Healthy Weight Loss Tips

Healthy Diet Tips And Much More



What To Look For In Healthy Eating Diets

With all of the new diets coming to the market every single day, it’s no wonder that there is a lot of confusion surrounding healthy eating diets. To make matters worse, diets often contradict each other. For example, one diet may tell you to eat all the meat you want, while another practically forbids it. So, how can they both be correct, right? It’s enough to drive even the most educated dietitian crazy, let alone the average person. So, the real question, then, is how can you find which are the best healthy eating diets for you?

First and foremost, you should know that how new a diet is doesn’t tell you how effective or healthy it is. There are new fad diets coming out all of the time. Some work, some don’t and some are downright dangerous. It’s this last group that you have to really watch out for. At the same time, you should also know that you don’t necessarily have to follow any one particular plan, but can combine elements from several diets to best suit your needs.

For example, a diet low in carbohydrates can be just fine for those who have the right insulin resistance and blood sugar level. However, they would have a very negative impact on somebody who needs to have a decent amount of carbohydrates in their diet to be healthy. In fact, it’s possible that eating almost nothing but protein and fat can make feel sick after a couple of days doing it. Whatever the case may be, you need to pay attention to any diet you try, and how it affects you personally.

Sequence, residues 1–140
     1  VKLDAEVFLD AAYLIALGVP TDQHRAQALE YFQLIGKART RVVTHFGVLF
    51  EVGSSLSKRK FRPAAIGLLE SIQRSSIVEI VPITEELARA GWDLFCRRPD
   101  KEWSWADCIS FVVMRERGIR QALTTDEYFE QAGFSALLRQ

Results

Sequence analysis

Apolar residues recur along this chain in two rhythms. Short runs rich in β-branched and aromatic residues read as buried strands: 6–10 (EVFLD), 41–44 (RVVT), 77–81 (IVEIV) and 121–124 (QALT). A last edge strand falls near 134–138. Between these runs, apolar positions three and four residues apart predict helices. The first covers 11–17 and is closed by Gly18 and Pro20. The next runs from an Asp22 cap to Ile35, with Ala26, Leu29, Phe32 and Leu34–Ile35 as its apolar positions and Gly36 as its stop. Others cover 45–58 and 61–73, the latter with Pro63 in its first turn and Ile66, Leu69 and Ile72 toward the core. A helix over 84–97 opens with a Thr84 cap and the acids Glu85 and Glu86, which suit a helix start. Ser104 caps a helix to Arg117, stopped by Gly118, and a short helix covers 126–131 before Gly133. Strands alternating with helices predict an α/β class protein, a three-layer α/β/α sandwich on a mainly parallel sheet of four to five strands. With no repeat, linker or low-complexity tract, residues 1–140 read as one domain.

As long as we’re on the subject of carbohydrates, it should be pointed out that they come in two main forms: simple and complex. Generally speaking, it’s best to avoid simple carbs, which include white flour, white rice, candy and sugar. These are the kind that cause the biggest spikes in blood sugar, and typically have a poorer nutritional profile. Complex carbohydrates include whole grains and some fruits. These are much more healthy and can usually be added to any eating plan (within reason).

If you want to attempt your own healthy eating diets, then there are a few basic guidelines to follow. You can start by reducing or eliminating simple carbohydrates. Then add foods that are high in lean protein, such as the white meat of chicken, fish, and some cuts of beef. Other good sources of protein are nuts and legumes. Next, cut out all trans fats, and reduce how much saturated fat you take in. You can eat healthier fats (polyunsaturated and monounsaturated) without too much worry. The other rule of thumb to stick to is to eat foods as close to their natural state as possible.